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JAMA 100 Years Ago
March 22/29, 2000


Author Affiliations

JenniferReiling, Editorial Assistant

JAMA. 2000;283(12):1540. doi:10.1001/jama.283.12.1540-JJY00006-2-1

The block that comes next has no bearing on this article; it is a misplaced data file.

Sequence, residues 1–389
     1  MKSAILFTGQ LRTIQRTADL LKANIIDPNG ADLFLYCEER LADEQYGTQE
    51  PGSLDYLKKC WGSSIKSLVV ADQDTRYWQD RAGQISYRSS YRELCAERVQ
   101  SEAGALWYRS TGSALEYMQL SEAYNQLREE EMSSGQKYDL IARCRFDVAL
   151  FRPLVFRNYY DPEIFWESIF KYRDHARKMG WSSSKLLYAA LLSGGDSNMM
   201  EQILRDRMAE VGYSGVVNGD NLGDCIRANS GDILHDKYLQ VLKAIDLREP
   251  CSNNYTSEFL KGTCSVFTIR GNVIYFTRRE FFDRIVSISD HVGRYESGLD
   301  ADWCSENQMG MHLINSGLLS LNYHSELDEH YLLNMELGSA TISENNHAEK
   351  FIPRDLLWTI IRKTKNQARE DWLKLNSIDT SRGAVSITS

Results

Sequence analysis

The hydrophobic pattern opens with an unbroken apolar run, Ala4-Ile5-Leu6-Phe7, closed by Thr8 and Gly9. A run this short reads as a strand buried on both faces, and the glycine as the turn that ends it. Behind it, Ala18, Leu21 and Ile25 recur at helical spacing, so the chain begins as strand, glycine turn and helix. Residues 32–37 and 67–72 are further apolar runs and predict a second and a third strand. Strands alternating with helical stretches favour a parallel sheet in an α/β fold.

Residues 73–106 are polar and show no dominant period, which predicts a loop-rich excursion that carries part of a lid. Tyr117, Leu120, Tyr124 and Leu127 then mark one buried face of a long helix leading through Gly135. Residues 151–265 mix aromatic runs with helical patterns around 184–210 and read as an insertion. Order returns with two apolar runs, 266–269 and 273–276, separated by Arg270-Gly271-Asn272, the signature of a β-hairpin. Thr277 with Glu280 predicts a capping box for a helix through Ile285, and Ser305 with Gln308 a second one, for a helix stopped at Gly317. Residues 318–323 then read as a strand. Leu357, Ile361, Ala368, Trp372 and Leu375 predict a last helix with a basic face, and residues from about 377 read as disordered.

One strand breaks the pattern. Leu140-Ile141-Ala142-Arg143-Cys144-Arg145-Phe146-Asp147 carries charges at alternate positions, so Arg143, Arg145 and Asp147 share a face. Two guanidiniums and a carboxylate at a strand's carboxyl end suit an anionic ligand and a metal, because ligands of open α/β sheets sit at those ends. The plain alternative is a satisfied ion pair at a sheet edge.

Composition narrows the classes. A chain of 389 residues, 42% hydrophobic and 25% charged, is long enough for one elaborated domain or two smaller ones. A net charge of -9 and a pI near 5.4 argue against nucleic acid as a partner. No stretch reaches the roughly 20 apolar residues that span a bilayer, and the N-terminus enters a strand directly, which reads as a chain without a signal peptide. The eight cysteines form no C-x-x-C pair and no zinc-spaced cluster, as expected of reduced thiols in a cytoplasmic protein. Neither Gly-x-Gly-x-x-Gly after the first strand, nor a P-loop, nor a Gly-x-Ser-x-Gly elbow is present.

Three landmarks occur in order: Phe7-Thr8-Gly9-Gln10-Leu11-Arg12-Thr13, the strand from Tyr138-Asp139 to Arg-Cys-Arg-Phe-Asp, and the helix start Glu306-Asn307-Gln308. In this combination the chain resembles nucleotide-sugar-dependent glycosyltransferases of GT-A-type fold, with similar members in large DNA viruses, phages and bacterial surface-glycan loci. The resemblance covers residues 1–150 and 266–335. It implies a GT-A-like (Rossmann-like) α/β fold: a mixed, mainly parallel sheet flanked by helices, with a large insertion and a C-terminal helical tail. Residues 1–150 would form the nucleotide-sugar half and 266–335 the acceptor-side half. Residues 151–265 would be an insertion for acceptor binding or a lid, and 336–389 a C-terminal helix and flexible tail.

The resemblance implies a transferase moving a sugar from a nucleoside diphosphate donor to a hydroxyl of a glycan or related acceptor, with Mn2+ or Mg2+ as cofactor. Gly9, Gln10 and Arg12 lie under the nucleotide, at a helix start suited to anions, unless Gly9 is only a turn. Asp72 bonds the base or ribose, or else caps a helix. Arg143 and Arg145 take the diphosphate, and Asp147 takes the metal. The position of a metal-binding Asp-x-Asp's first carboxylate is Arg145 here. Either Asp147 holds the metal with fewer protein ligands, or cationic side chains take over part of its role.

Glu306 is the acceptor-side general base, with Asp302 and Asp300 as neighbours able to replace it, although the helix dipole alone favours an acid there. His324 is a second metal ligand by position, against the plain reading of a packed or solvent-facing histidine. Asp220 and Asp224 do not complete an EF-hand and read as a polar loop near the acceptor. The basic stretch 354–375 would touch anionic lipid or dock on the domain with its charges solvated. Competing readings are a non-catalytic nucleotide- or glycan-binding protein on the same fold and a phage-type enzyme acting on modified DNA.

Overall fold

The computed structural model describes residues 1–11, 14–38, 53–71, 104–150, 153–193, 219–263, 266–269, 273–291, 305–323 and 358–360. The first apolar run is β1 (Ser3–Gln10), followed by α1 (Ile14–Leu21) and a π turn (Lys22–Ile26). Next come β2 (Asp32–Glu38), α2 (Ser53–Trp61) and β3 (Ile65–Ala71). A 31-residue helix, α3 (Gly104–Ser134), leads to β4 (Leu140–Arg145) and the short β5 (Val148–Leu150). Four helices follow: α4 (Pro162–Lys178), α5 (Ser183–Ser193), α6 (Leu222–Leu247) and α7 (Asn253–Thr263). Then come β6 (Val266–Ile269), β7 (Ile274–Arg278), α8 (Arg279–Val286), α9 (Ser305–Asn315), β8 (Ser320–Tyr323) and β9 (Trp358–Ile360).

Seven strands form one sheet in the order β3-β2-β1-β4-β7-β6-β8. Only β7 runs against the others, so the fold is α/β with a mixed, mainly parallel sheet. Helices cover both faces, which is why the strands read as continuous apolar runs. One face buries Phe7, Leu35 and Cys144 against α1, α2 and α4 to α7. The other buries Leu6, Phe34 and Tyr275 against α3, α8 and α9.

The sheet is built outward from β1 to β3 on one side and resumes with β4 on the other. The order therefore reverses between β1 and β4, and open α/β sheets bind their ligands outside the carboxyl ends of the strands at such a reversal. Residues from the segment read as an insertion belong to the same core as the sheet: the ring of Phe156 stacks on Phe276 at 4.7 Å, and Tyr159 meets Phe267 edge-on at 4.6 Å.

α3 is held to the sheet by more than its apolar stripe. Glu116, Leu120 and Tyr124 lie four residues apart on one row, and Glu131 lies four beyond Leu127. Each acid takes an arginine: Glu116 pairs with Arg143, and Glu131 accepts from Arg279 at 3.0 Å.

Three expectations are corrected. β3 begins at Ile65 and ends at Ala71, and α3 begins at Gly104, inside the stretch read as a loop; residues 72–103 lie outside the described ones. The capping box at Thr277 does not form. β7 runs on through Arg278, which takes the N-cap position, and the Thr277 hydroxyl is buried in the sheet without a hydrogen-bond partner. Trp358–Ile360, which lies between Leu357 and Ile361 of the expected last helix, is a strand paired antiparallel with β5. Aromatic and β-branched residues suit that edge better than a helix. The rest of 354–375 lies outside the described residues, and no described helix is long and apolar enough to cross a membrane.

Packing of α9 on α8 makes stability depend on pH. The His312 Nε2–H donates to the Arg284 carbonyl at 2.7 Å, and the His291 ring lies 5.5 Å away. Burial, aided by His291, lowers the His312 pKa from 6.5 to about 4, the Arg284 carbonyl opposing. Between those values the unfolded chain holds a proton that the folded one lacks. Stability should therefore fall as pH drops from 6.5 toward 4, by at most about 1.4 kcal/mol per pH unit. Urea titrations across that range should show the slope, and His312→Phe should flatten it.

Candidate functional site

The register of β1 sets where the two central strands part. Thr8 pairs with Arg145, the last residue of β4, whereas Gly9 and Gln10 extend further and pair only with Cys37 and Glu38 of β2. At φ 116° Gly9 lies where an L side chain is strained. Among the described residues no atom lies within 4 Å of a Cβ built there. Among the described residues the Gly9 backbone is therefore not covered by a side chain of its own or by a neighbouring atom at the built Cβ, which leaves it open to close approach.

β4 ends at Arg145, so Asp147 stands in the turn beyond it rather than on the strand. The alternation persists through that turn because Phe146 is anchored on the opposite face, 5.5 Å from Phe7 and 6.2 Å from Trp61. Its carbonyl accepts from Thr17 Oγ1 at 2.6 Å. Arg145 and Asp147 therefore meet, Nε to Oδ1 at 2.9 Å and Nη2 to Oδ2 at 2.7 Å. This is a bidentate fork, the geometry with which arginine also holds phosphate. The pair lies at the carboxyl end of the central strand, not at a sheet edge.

In an address before the Royal Society of Edinburgh, published in a recent issue of The Lancet, Sir John Sibbald, late commissioner in lunacy for Scotland, analyzes the statistics of suicide in that country, and questions some often expressed beliefs on the subject. He does not find suicide more frequent in urban than rural districts, though there are local peculiarities pointing to a race element in the case, showing the Saxon is much more suicidal than the Celt. One striking fact noticed is that the ratio of suicide by hanging, the one method that leaves the least doubt as to its motive, has been unchanged for thirty years, while the increase from other methods in the latter statistics is compensated for by a decrease in the reported deaths by accident from the same causes. From this it would appear the more probable that the apparent increase of self-murder is due rather to greater accuracy in registration than to any actual change for the worse in the facts behind the figures. Another fact that seems to point this way is that in counties where suicides have apparently increased, the reports of "sudden deaths from causes not ascertained," etc., have greatly decreased of late years. From all these facts he concludes that increase of suicide must be regarded as not proven, and protests against the habit of accepting "crude statistics" without due critical examination. If we could accept Dr. Sibbald's criticisms as applicable everywhere, it would be encouraging, but it is questionable whether they can be thus universally applied. Suicide is more common in Paris than in the rural districts of France, and it is apparently more frequent in some cities in this country than in the villages and farming districts. . . . A lack of faith in the future, good or bad, is we believe, a decided stimulus to suicide, or rather perhaps a preventive of its normal inhibition. It is doubtful to us whether Dr. Sibbald's conclusion of not proven may not itself be liable to a similar Scotch verdict if applied to this country. At any rate it would be of interest could we have a similar analysis of statistics for those parts in the United States where such are available and reliable.